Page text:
a footstep comin' down de passage, very soft, straight fer de door. Was I to de bad? Dat's right. I says to meself, here's one of de sleut' guys what's bin and got wise to me, an' he's comin' in to put de grip on me. So, I gits up quick, an' I hides behind a coitain. Dere's a coitain at de side of de room. Dere's dude suits an' t'ings hangin' behind it. I chases meself in dere, and stands waitin' fer de sleut' to come in. 'Cos den, you see, I'm goin' to try an' get busy before he can see who I am—it's pretty dark 'cos of de storm—an' jolt him one on de point of de jaw, an' den, while he's down an' out, chase meself fer de soivants' hall."
"Yes?" said Jimmy.
"Well, dis guy, he gits to de door, an' opens it, an' I'm just gittin' ready fer one sudden boist of speed, when dere jumps out from de room on de odder side de passage—you know de room—anodder guy, an' gits de rapid strangleholt on de foist mug. Say, wouldn't dat make youse glad you hadn't gone to de circus? Honest, it was better dan Coney Island."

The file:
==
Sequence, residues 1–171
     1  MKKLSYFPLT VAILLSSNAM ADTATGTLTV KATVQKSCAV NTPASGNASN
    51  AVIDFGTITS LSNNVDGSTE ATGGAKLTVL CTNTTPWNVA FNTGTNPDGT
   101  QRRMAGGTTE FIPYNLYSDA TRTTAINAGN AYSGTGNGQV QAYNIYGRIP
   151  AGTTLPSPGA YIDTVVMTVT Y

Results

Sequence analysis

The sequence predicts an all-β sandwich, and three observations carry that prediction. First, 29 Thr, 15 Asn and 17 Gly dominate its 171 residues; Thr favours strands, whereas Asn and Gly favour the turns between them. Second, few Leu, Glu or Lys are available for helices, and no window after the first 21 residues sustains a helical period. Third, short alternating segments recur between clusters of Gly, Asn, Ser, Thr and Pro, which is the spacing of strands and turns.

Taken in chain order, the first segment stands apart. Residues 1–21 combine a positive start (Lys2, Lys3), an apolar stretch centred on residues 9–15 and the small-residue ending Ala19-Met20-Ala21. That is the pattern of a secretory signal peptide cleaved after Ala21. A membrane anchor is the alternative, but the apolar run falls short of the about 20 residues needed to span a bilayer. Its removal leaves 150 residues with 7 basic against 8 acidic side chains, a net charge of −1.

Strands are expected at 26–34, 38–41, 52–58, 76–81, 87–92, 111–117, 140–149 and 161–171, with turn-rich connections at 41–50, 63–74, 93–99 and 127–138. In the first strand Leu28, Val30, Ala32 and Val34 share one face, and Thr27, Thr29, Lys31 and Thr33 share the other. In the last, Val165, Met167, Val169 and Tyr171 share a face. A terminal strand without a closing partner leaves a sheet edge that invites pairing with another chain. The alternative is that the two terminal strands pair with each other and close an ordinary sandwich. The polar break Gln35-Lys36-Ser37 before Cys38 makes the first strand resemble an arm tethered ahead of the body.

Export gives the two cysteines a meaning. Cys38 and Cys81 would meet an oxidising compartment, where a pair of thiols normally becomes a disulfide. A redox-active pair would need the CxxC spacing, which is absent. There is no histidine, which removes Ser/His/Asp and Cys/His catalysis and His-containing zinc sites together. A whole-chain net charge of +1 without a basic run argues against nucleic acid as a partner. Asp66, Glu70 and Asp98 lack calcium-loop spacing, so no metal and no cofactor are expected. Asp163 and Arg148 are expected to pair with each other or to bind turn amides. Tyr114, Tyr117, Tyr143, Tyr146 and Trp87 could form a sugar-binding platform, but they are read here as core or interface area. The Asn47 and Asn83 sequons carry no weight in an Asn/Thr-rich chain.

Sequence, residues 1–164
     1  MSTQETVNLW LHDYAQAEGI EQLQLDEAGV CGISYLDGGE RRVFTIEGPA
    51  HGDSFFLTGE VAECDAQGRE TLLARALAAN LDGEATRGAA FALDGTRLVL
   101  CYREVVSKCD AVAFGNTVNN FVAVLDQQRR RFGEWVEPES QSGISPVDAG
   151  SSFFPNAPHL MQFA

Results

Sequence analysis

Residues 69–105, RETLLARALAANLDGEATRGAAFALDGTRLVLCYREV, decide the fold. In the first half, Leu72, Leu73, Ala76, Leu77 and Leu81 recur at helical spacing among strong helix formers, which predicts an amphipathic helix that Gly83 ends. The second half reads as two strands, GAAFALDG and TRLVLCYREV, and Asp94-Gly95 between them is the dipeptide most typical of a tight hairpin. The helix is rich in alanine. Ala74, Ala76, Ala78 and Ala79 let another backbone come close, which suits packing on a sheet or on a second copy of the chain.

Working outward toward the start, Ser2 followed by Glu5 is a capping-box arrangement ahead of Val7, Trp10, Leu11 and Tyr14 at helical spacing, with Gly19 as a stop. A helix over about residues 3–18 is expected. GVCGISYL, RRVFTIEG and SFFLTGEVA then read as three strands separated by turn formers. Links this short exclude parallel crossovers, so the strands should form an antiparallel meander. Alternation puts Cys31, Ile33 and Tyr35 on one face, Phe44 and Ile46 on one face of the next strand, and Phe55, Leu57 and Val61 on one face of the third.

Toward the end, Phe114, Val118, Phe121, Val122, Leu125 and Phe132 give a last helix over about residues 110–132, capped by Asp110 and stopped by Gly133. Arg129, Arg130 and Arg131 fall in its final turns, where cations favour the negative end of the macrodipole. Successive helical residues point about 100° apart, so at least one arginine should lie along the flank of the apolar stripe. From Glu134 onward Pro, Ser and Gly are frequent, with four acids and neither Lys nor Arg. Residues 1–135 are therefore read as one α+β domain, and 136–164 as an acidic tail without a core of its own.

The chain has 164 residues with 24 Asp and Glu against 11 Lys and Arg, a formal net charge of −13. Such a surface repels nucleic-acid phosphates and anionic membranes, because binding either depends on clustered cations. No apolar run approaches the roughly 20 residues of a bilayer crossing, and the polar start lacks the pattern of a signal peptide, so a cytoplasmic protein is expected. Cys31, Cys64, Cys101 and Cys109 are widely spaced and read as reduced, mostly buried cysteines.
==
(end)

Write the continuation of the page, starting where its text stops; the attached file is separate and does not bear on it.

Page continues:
"Go on. What happened then?"
"Dey falls to scrappin' good an' hard. Dey couldn't see me, an' I couldn't see dem, but I could hear dem bumpin' about and sluggin' each other to beat de band. An', by and by, one of de mugs puts do odder mug to de bad, so dat he goes down and takes de count; an' den I hears a click. An' I know what dat is. It's one of de gazebos has put de irons on de odder gazebo."